Gender, power and craft in Kirstin Lamb’s painted “embroideries”
As a dual psychology and studio art major, psychological concepts and theories I confront in my classes often mysteriously work their way into my everyday life, and can be applied to many encounters I have with both people and works of art. Providence-based artist Kirstin Lamb created beautifully-intricate pieces that she refers to as “embroidery paintings” and a group of them have been presented in the current PC—G exhibition, Classic Beauty: 21st Century Artists on Ancient [Greek] Form. Lamb participated at a Mini Symposium event held on the occasion of the exhibition’s opening, during which she spoke about the breadth of her practice and the various themes that both influence, and are present in her work. One reoccurring theme Lamb discussed – and that resonated with me most – dealt with women and gender roles. Specifically, Lamb spoke about how the craft of creating embroideries historically was a predominantly female duty where women were only allowed to make pieces within confined boundaries. She discussed how her work and its process shows admiration for the craft as well as inquiry toward the gendered tradition. For me, Kirstin Lamb’s work within the Classic Beauty series seems to address principles and concepts within the discipline of gender in psychology.
In psychology, Eagly’s social role theory of gender asserts that physical differences between men and women are causative factor in the development of gender roles. This theory suggests that individuals and society as a whole inadvertently pick up on physical differences between men and women, and base their behaviors and actions on associations with these physical variances. Similarly, gender culture is defined as society’s understanding of what is possible, proper, and perverse in gender-linked behavior. More generally speaking, although there are far more similarities than differences between gender in terms of cognitive ability like intelligence, ability to learn, and problem-solving, fixed gender-role stereotypes can perpetuate the idea that men and women have different capabilities that require them to take on distinct roles in society. Thus, for the historical craft of creating embroideries, it becomes understandable that women were pushed by society to be the central producers when applying ideas pertaining to the social role theory and gender culture. Although scientific evidence debunks the idea that men and women are naturally very different, gender-role stereotypes likely contributed to the clearly-defined roles and guidelines set for women in history.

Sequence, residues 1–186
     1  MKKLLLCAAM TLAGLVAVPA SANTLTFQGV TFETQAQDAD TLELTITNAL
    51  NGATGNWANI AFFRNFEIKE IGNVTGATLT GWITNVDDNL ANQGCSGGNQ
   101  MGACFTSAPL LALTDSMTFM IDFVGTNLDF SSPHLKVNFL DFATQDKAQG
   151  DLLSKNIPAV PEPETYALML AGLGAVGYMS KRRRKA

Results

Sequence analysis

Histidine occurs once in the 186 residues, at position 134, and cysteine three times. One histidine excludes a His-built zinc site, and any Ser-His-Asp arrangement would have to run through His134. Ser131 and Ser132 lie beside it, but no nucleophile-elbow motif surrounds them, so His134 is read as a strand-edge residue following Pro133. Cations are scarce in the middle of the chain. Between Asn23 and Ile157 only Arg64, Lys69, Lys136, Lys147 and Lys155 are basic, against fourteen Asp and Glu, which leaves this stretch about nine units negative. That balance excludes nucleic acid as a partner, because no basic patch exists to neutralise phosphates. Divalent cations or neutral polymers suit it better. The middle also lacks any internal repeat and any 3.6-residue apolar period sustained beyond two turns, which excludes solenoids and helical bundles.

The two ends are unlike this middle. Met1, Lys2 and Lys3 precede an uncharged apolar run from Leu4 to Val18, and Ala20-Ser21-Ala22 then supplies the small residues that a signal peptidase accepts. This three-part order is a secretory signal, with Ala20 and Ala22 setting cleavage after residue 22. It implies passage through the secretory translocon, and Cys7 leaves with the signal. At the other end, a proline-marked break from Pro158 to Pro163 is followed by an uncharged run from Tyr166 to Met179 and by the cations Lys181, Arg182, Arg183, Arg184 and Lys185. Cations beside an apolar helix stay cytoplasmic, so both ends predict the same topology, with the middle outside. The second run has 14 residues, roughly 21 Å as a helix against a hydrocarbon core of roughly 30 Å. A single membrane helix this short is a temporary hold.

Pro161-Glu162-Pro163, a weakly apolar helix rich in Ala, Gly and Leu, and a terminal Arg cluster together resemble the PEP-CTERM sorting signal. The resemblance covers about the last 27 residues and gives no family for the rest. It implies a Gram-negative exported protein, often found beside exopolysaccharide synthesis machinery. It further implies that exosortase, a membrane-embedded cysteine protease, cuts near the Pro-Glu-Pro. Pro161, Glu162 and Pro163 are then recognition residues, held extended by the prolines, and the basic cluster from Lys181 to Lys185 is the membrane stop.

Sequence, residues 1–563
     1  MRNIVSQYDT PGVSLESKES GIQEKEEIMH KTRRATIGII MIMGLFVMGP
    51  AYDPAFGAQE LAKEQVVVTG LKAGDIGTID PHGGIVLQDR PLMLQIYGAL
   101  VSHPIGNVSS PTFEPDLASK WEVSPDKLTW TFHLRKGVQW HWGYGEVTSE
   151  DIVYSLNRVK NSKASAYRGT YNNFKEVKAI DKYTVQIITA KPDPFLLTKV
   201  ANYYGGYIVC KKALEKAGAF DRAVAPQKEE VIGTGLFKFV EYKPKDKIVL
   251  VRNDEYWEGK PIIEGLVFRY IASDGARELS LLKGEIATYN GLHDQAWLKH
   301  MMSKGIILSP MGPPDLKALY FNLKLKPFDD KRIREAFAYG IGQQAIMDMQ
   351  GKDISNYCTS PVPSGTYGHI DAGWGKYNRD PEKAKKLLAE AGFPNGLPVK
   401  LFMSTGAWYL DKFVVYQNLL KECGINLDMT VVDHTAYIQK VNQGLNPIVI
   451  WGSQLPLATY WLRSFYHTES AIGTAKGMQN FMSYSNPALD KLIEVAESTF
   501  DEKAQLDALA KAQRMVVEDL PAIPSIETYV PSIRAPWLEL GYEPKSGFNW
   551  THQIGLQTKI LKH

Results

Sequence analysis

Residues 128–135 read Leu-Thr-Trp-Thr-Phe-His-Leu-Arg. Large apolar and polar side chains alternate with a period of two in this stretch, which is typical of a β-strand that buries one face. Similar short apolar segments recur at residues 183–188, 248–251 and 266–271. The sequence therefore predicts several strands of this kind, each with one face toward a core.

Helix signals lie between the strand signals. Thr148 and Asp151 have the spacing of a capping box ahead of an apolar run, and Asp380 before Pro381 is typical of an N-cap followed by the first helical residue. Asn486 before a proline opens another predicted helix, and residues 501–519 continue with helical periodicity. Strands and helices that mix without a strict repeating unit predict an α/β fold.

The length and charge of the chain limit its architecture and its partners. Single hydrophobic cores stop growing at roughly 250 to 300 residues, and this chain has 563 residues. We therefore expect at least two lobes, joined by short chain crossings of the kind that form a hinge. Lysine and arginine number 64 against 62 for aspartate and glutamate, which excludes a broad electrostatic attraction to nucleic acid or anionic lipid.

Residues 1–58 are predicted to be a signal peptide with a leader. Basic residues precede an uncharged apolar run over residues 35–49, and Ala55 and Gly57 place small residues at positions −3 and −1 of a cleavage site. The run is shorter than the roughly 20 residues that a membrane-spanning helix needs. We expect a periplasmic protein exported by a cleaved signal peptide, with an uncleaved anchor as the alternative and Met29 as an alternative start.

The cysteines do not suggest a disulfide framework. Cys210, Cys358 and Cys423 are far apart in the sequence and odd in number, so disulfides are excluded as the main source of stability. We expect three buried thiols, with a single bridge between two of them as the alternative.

Kirstin Lamb’s work in the Classic Beauty exhibition thus seems to address these concepts and question the gender-role stereotype. Her pieces in the series mimic the intricacy and labor-intensive nature of creating embroideries, but the very fact that she takes on the conceptions and ways of thinking about embroidery as a woman serves as a commentary on both the historical craft and the history of painting. Kirstin Lamb’s practice also addresses the history of gender roles through their content. The group of pieces are drawn from wallpaper designs from the French neo-Classical era, a period where the furnishing of one’s home could become an exercise in displaying its owner’s power and stature. By adopting these motifs and laying claim to them through her laborious painting techniques, Lamb positions her work amid a number of concerns; the gendered history of painting, restrictions on what content were socially-acceptable activities for women and more broadly, the contemporary ideas of gender roles that continue to endure.